The question often pops up: How many points of view can be in one scene?
The easy answer: One point of view per paragraph.
The expanded answer: “If you have more than one character within a scene whose points of view are relevant, then you’ll need to use the omniscient pov.” Jordan E. Rosenfeld, Make A Scene.
The omniscient narrator is all-knowing, able to move in and out of the thoughts of all the characters and to comment on events before and after the scene has happened.
Jordan, an authority on writing, expands upon the idea of changing pov within a scene: “. . . you must make omniscient clear right away from the first paragraph in the scene. If the readers believes that he has only been able to see inside character A’s head, and then you suddenly leap into character B’s head, the reader will feel confused and possibly irritated.”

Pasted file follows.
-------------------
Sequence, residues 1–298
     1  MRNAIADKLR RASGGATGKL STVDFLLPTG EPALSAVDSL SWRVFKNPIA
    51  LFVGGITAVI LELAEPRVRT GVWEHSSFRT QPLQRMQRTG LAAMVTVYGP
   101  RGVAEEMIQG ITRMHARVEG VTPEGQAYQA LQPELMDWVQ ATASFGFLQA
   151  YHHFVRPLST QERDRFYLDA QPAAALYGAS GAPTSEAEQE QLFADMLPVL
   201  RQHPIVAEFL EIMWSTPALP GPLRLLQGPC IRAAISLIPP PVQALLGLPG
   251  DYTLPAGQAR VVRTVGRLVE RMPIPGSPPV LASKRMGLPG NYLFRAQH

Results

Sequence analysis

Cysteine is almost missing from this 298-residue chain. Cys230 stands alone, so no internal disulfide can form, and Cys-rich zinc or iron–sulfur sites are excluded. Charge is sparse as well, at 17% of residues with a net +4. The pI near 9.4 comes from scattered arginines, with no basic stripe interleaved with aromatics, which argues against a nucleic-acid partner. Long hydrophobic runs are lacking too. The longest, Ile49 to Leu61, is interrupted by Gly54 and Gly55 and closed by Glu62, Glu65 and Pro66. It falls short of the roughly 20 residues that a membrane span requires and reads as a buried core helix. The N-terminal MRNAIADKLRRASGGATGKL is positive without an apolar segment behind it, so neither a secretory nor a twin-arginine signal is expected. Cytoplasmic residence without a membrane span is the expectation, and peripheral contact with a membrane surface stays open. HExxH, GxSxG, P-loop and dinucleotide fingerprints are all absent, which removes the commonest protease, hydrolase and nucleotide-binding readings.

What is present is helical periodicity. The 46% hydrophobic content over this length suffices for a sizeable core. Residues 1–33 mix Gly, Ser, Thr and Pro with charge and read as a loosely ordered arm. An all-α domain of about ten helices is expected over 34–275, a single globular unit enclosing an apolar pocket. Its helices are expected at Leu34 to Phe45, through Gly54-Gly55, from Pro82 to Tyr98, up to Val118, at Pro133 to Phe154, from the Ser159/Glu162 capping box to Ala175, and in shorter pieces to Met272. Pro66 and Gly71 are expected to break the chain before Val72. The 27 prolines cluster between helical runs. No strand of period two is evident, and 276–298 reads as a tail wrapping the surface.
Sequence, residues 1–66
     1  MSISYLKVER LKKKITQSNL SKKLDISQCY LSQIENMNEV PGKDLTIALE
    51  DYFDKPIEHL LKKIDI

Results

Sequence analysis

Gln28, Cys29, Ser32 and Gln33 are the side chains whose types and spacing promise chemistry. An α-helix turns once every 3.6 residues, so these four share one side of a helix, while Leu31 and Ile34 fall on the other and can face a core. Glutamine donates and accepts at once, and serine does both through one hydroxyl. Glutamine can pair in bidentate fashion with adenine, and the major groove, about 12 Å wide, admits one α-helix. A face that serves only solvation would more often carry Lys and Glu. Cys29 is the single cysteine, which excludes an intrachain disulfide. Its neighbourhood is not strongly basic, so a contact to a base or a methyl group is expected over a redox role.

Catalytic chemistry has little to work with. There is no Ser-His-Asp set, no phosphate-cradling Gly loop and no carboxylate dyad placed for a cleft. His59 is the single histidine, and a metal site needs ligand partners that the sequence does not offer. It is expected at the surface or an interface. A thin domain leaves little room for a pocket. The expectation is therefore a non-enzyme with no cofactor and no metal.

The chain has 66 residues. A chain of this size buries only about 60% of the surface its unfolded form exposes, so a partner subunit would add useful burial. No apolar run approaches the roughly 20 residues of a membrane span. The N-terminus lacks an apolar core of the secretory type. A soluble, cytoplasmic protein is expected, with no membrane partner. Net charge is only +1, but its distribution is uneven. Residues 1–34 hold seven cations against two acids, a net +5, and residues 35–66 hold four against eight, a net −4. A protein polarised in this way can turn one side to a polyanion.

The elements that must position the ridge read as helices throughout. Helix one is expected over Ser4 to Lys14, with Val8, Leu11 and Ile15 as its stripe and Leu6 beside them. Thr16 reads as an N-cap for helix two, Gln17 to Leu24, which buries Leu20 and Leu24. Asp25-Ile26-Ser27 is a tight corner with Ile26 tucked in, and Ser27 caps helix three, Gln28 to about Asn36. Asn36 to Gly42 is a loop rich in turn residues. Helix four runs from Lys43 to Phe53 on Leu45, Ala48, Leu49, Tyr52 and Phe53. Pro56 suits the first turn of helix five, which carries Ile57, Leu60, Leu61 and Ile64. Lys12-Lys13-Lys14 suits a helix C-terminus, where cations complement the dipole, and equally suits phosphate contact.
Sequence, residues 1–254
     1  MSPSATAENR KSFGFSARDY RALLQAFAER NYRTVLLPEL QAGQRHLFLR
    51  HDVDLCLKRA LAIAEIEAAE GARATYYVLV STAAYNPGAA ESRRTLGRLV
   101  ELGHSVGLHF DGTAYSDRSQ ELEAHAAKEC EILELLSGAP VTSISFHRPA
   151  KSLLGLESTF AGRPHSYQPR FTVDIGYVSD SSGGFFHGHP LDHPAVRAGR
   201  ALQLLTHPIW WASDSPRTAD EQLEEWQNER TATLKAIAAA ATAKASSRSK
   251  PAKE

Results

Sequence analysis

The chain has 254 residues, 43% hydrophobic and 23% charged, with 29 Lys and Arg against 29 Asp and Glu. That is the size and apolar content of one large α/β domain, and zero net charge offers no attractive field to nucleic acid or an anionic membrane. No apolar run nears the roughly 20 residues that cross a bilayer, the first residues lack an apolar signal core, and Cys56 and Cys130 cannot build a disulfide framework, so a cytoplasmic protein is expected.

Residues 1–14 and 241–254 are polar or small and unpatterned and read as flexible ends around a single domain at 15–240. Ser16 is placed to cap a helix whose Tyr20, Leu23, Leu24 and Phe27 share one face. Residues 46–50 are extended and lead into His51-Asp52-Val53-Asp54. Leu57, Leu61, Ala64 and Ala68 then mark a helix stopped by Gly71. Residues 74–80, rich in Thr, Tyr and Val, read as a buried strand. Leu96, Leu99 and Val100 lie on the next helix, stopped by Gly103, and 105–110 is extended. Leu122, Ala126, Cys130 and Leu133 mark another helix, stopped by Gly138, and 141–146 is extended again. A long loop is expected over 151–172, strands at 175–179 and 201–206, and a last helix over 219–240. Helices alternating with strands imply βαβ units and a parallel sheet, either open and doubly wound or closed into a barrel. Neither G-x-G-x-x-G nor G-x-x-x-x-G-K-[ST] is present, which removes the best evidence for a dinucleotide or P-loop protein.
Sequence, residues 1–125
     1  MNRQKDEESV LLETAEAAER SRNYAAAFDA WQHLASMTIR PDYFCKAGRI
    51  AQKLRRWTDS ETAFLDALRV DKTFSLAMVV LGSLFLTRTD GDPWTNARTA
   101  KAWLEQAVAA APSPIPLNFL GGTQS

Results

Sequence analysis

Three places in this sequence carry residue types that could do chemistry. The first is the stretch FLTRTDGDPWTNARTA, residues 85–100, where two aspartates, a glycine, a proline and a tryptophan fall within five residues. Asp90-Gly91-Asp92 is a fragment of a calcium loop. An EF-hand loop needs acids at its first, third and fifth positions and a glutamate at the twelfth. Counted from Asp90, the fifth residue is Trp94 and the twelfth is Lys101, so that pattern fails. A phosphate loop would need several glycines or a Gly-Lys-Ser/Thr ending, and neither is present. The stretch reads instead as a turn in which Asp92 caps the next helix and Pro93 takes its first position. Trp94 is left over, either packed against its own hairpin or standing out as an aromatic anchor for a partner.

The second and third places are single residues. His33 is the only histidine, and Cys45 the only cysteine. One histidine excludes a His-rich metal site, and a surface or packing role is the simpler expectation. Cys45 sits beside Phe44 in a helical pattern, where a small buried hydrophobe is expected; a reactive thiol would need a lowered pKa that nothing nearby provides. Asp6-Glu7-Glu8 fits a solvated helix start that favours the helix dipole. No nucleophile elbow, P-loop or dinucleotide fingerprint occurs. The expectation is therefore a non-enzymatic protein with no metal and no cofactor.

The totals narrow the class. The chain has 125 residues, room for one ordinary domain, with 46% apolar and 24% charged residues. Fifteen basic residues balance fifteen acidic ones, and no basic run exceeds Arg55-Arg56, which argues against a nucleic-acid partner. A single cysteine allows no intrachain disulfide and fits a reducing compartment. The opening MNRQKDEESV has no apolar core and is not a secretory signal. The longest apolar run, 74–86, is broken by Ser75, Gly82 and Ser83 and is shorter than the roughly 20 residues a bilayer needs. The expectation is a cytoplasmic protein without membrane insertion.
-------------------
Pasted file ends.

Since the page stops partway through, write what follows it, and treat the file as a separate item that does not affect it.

For a reminder about what a scene is, Jordan says, “A scene should largely take place in one location.”
When you use omniscient pov and hop from one character’s head into another character’s head, you are able to describe the scene (action, thoughts, feelings) from different characters points of view. This can be tricky. Just make sure the reader knows which character is observing the scene.
First: Just Write. Then, during the revising/editing stage, check that points of view are clear and consistent.
For more details about scene, points of view and examples, check out Make a Scene: Crafting a Powerful Story One Scene at a Time, by Jordan E. Rosenfeld.